Many companies create a plan for their year, with budgets, sales projections, initiatives and organization charts. Some never look at it again until the end of the year; some watch it like a hawk.
But in my experience, a quarterly review is a good way to determine how you are doing.
3 Traps to Avoid
Before we dig into the better ways to handle a quarterly review, let's point out some of the more obvious pitfalls to avoid.
- The Ahead-of-Plan Trap: When leaders are ahead of plan in the first quarter, they have a strange tendency to begin doubting the plan: "We set the goals too low!" In an attemptto keep the organization motivated and avoid complacency, they push to reset goals and plans. Bad idea: Not only does it undermine your authority, but people also begin to expect they will be punished (with higher expectations) for good performance.
- The Behind-Plan Trap: Conversely, if first-quarter results are behind plan, leaders start trying to adjust, well, pretty much everything. Marketing, messaging, compensation, projections, budgets ... the list is endless. But making changes takes energy and distracts from execution. Often the shifts keep companies from moving forward swiftly on a fundamentally sound plan.
- The On-Plan Trap - Why should being on plan be a trap? It's the voice in the back of every leader's head that says, "Things are maybe a little too quiet." Paranoia manifests itself in lots of ways, even when things go exactly as planned.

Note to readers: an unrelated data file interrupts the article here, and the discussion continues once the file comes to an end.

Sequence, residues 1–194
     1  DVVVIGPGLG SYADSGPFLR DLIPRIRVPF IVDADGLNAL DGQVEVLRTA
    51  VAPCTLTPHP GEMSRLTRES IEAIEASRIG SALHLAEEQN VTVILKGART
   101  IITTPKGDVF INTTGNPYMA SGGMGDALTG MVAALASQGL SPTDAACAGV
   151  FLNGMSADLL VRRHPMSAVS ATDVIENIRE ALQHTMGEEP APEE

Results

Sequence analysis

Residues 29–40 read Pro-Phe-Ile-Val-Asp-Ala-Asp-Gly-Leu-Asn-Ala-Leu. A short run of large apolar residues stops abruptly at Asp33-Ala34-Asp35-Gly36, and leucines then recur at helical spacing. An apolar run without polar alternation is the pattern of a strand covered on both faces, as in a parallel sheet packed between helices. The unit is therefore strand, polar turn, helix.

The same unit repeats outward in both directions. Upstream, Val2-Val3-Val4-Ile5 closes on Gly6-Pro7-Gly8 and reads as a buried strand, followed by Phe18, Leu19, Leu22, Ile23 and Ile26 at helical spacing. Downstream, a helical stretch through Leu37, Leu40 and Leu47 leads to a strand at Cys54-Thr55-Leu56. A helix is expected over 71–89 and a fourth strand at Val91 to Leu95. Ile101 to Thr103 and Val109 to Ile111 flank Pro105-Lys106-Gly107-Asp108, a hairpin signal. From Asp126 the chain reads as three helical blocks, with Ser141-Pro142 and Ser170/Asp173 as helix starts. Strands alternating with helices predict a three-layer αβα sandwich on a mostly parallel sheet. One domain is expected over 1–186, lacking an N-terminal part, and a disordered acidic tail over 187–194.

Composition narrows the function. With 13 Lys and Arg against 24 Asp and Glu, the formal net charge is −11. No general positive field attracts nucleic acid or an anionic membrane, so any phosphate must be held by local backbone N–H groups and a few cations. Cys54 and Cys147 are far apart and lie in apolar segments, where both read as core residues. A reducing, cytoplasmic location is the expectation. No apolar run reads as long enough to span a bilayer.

Best Way to Analyze Performance
Now let's start digging into the numbers.
1. Focus on underpinnings, not results. When your plan was built, you made certain assumptions. These included performance expectations, market response, competitors and other influencers. So before you start making adjustments, check to see if there were any variations to your assumptions.
Plans are usually not created in a vacuum What has happened to those other factors? If the answer is "not much," then maybe your plan is solid and the results are happening off-cycle. Stay the course for now. But if the context has shifted, you may need an entirely new plan.
2. Leverage the least for the most. Leaders love firefighting (even if they don't admit it). They are most active, alive and directive when there is a crisis. The real problem in this case is the potential for overcorrection. It's better to look for opportunities for smaller adjustments rather than an overhaul. Big, frequent change can be operationally corrosive.
3. Don't panic. Reality check: This is just one quarter. You and your team were not stupid when you made the plan, and it was a good plan at the time. Get your bearings, look at what is working, and lean into that.
In my experience, overcorrection is as dangerous as under-response. Be careful that you don't see quarterly results as an excuse to break out the sledgehammer.